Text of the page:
Okay, so what are we looking at here. I did take out some of the duplication in the original wikitree to make it easier to read, but for the most part this is the information on that site. Where did all these names come from? What does "the Shawano" mean? Who was Cornstalk Windclan Powhatan and where is the documentation for him/her? There is no source of documentation offered. If you have done much searching you have most likely seem the sentence that reads something like this: "we know the names of many of Powhatan's children from the testimony of Machumps." But here's the problem with that, Machumps never named the childen of Powhatan. While in London, he 'testified' that Powhatan killed the remnants of the Roanoke Colony. He talked to Strachey about the Powhatan people, but there is no list of names of Powhatan's, children.

bearclans, windclans and cornstalks
Remember that junky genealogy folder, add bear clan, wind clan and cornstalk to it. Also, add shawano while your at it. This wikitree claims that the mother of all/most of these children was Amopotuskee, a Shawnee Indian woman from the Bear Clan in the Shenandoah Valley some 185 miles away. Other wikitrees, for the same people, have different mothers. Cleopatra has four or five profiles, each with different information. When questioned about this, one of the profile managers claimed that there were four women named Cleopatra.This should send up red flags for any researcher who is looking for documented evidence. My advice: although wikitree is a great site, avoid this Powhatan mess.

shawnee heritage
Most of this information/misinformation seems to be based on the un-sourced Shawnee Heritage Books. All I will say about them is: if you can't provide a source for your information, then all of your content is not worth the paper it's written on. And claiming 'psychic ability' as a source of your information is more than slightly off-putting.  I'm certainly not paying $45.00 for book with no sources. I have also read enough bad reviews of these books to be concerned with their content. I would urge you to tread with caution when using the books as a source for your genealogy. Use it as a starting point, but like any good genealogist, seek confirmation in original, primary sources. 

what about oral history
Oral history can be a great resource for genealogy. Treat it as a launchpad for more research, not as the gospel truth. You only have to watch one episode of The Genealogy Roadshow to see people's oral history researched and revealed as fiction. Usually there is some nugget of truth to the stories passed down by family members, but it's less shiny and bright than they had been lead to believe. The further back in time the story stretches, the more likely it is to be incorrect.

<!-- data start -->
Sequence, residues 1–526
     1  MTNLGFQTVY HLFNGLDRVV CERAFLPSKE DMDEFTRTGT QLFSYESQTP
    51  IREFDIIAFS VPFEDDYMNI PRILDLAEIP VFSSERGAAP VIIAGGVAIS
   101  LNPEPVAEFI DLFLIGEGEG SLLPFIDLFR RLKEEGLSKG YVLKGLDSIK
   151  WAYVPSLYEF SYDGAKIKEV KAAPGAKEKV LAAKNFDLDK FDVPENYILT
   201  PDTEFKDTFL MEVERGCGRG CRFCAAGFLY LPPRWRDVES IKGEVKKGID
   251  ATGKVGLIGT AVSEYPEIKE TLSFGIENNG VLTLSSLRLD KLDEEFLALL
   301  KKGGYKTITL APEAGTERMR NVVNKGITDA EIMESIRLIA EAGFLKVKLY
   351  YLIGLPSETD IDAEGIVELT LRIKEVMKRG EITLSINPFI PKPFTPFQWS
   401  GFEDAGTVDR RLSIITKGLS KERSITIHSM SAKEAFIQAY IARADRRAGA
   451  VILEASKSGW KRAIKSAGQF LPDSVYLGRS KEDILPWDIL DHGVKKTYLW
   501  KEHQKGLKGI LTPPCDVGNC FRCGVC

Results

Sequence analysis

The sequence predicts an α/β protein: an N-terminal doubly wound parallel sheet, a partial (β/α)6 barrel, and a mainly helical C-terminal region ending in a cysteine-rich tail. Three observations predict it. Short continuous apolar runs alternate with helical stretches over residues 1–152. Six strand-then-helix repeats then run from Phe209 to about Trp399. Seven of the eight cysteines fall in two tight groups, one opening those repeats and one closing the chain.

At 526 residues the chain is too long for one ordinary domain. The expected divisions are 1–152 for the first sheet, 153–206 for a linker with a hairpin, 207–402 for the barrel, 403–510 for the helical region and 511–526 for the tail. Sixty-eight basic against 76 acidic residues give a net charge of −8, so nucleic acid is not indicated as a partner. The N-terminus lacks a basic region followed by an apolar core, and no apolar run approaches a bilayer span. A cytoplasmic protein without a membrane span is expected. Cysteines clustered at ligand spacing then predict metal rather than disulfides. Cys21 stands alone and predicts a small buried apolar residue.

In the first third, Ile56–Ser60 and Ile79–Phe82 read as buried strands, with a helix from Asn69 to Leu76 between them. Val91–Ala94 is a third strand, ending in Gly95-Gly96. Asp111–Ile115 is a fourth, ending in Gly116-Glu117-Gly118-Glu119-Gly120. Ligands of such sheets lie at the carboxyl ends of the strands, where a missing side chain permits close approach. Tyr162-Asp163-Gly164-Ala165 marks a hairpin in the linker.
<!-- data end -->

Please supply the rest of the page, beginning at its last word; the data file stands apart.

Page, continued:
That being said, here is some oral history from the Mattaponi Tribe who were once members of Chief Powhatan's federation. The Mattaponi say that the mother of Pocahontas and Mattachana was a Mattaponi Indian woman. The 'matta' in Mattachana indicates that her mother was of that tribe. Their oral history of Pocahontas goes on to tell us that after she was kidnapped by the English, her Indian husband, Kocoum was murdered. During her captivity Pocahontas was brutally raped, possibly by Sir Thomas Dale. She gave birth to the child and later married John Rolfe who claimed the son as his own.[18] 

Now, how many people who say they are descended from Thomas Rolfe have changed their family tree once they read that oral history? Not everyone who claims an oral history that includes Cleopatra can be correct. Whose oral history has the most weight, today's Indian descendants of Powhatan or Caucasian folks whose great granny said she was an Shawnee Indian who hid out and did not get put on a reservation?

what is a mangopeesomon?
In the above wikitree some of the Indians have been given a surname. I understand that wikitree makes you supply a name but why this mishmash: Nicketti Mangopeesoman Opechan Powhatan. In 1622, just prior to their attack on Jamestown, Opechancangough and his brother Opitchapam changed their names. Opechancangough became Mangopeesomon. This was his personal name, changed for his own personal and spiritual reasons. I see no reason why it should be applied to anyone else. 

who was don luis?
In 1561 a Spanish Caraval was blown off course and dropped anchor in a wide river in the Chesapeake Bay. They sailors did some exploring and make repairs to the ship. The encountered at least two Indian males who for some reason opted to go to Spain with them. The fate of only one of the Indians is recorded.